The United States is becoming an increasingly severely stratified plutocracy. The Center on Budget and Policy Priorities just released a new study proving that the richest 1% are continuing to amass greater and greater amounts of wealth, while the rest of the population is still struggling financially.
The organization’s new data was created by Saez and his colleague Thomas Piketty, and it carefully analyzed 2009 and 2010 pre-tax IRS income. Their economic research shows that:
•The share of U.S. households’ total income flowing to the top 1% of those households rose to 19.8% in 2010. Although lower than the peaks reached in 2000 and 2007, that percentage is still among the highest since the late 1920s.
•The average income of the top 1% of households rose by nearly 12% from 2009 to 2010, after adjusting for inflation. The average income growth for the richest households at the very top of the income distribution was even stronger.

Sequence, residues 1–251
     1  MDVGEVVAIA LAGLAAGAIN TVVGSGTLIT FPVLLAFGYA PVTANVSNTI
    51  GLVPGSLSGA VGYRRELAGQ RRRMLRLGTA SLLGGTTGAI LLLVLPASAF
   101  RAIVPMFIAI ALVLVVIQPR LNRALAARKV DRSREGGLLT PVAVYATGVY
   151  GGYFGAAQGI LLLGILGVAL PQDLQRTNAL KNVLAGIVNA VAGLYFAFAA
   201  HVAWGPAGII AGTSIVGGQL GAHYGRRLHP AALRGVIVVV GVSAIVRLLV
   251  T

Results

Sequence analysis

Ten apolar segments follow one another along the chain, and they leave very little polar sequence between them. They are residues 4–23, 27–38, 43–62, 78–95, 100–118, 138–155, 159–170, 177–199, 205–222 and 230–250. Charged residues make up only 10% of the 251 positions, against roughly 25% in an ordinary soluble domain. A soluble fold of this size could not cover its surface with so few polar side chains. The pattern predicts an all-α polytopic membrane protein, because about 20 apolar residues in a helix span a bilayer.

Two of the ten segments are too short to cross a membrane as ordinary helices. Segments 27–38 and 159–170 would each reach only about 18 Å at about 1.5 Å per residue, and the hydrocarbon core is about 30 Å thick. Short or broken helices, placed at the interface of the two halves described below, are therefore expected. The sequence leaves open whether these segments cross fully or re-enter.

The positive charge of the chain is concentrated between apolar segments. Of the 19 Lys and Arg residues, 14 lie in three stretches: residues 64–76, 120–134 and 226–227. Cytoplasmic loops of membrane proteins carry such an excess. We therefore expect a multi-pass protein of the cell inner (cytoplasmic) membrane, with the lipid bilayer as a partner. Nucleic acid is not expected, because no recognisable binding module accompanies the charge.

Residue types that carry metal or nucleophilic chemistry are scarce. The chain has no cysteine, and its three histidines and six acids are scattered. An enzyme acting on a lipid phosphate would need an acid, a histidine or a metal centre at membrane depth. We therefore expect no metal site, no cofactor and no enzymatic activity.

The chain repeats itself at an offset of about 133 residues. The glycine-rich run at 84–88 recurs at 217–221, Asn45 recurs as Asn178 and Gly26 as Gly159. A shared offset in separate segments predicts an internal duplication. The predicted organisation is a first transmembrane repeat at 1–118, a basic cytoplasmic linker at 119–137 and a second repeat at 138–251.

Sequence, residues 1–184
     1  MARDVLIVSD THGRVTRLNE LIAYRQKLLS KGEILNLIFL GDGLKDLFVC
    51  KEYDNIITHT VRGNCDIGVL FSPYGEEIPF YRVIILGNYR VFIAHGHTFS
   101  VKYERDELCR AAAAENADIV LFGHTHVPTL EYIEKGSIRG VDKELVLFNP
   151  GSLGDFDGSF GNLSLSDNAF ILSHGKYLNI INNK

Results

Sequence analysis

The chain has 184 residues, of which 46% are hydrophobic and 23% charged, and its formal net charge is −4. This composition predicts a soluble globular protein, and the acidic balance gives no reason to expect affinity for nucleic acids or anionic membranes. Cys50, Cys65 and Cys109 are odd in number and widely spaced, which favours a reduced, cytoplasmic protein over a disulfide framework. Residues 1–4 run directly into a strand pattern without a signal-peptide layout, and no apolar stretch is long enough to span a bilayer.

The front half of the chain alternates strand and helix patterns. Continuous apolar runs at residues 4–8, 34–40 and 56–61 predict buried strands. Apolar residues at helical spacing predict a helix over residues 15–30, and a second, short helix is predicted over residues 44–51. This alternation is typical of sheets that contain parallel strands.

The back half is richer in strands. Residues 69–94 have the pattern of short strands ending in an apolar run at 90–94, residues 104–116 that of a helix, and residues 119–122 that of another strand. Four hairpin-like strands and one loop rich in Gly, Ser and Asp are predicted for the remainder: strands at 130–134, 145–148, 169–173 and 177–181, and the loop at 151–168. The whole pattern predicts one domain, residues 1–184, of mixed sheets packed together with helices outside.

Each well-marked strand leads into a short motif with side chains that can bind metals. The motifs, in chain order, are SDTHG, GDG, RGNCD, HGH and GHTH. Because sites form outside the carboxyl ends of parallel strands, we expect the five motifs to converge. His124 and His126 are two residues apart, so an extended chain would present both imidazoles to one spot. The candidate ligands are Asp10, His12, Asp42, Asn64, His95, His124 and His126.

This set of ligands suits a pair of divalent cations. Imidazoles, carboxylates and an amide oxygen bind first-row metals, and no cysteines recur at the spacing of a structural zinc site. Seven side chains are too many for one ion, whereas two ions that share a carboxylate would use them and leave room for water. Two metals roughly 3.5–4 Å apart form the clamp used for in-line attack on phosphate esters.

•In contrast, the average income of the bottom 90% of households fell substantially during the recession in both 2008 and 2009, remained at its lowest level since 1983, in inflation-adjusted dollars.
Rich Getting Wealthier More Quickly
This data illustrates the extreme concentration of income in the hands of just a few bloated plutocrats. Two-thirds of the nation’s total income gains went to only the top 1% in the United States; the wealthiest 1% have now amassed a larger proportion of income than ever.
The rich have also gotten richer at a much faster rate. Astonishingly, in the last decade the income of the top 1% grew over ten times faster than the income of the those of us in the bottom 90%.
This growing income inequality gap from the last few years makes for a very volatile and unstable economy. It also continues a longer-term wealth distribution trend that began in the late 1970s, and is showing no sign whatsoever of reversing course.
all images are via cbpp.org